Luckily, Transport for London has a cunning plan to replace it.
Unknown to the nearly 9m people commuting around London each day, every move they make has already been predicted.
In an ordinary looking Transport for London office – the location of which TfL have asked not be revealed due to the sensitive nature of work taking place there – a powerful computer system models millions of trips around the capital, before they actually happen.
Built on over four decades of data, it’s a world-class computer model that helps TfL’s chief data officer Lauren Sager Weinstein and her team of data scientists accurately predict the fallout from train delays, line maintenance, public events and other disruptions.
This Minority Report-like system plays through every daily ‘rush hour’, before it even happens.
And this December, it’s being destroyed.
“We have these great big strategic models that we’ve been running for years, since long before the world of big data,” Sager Weinstein told The Memo.
“But when you bring in the Elizabeth Line our models won’t be fit for purpose.”
The Elizabeth Line (previously known as Crossrail) is London’s biggest transport infrastructure project since the Jubilee Line opened in 1979.
When first services begin in December the capacity of London’s transport network will increase by 10% overnight, new travellers from faraway towns like Shenfield and Maidenhead will be given quick access to the capital for the first time.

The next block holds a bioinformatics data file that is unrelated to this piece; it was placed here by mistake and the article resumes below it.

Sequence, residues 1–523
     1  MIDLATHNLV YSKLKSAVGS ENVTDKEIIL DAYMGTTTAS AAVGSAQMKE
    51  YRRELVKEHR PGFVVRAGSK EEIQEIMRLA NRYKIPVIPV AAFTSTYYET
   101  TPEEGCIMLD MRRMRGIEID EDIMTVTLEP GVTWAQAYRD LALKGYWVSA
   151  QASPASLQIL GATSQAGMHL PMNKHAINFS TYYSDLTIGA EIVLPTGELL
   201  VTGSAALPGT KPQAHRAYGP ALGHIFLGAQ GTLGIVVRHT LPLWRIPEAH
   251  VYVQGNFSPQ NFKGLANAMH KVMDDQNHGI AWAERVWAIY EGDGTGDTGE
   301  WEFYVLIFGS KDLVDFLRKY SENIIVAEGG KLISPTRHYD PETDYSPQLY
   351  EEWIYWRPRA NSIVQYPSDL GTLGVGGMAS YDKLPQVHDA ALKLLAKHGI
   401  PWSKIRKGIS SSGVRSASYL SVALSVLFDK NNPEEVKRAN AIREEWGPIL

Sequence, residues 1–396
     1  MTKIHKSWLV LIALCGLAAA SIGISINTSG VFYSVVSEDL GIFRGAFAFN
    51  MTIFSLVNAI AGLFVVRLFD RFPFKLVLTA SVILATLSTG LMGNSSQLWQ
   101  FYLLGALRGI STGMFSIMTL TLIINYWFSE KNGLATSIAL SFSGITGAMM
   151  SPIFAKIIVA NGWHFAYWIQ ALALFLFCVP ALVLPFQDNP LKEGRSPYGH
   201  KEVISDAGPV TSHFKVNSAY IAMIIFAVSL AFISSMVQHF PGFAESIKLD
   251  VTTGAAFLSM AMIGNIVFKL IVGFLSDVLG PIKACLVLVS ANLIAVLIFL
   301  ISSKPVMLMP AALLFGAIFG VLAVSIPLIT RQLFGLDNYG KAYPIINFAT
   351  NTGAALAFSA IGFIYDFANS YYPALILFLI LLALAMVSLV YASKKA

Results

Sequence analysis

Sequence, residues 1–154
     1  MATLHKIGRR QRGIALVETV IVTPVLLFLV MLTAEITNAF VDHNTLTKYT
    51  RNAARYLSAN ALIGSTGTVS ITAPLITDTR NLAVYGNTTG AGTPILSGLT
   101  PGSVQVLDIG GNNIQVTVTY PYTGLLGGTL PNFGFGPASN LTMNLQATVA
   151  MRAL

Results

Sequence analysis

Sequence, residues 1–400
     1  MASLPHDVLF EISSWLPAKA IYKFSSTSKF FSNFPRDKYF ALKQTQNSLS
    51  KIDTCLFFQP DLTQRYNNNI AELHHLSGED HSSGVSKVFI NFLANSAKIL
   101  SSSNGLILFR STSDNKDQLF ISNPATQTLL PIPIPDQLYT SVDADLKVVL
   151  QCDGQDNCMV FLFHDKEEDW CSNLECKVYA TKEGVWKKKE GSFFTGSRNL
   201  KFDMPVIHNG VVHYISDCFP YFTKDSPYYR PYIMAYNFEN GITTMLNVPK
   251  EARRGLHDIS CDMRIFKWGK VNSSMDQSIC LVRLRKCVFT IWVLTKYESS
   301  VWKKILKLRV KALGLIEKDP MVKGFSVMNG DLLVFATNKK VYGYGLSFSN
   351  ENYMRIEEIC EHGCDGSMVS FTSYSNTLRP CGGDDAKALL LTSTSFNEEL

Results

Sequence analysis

It’s a huge win for London, but a vast challenge for Sager Weinstein’s team.
“Some of the assumptions for the Elizabeth line were constructed as far back as 2003 (when the modern Crossrail project took shape),” she says.
Much of the data upon which TfL’s current computer model of London is founded on was collected by hundreds of thousands of paper surveys, collected as far back as the 1960s and 70s.
“We’ve made some modelling assumptions, but all those route patterns are all going to change.”
In fact, TfL expects nearly every journey in the capital will be affected, improved or changed in some way.
Luckily Sager Weinstein has a cunning plan to remodel 40 years of data once the Elizabeth Line opens, all in a matter of weeks.
For a month in 2017 Transport for London tracked the movements of 5.6m smartphones around London Underground using the free wifi network – a project The Memo first uncovered back in 2016.
The smartphones completed 56m ‘journeys’ and gave Sager Weinstein’s team unprecedented insights into how commuters were actually travelling around London, the impact of delays, which trains were overcrowded, and much more.
Now her team is working on a new version of this system, one which could replace 40 years of data in mere weeks, remodelling modern London and how people travel around it.
In fact, Sager Weinstein says the sea change in London transport caused by the Elizabeth Line is “one of the reasons we started looking at new ways of collecting data and doing data analysis”.
In the future the new system could also collect and analyse data in real time, giving station managers minute-by-minute updates on the traffic flows around their station (for which they currently rely on CCTV for).
And that secret algorithm that TfL uses to model London’s transport network and predict the future, could get even smarter.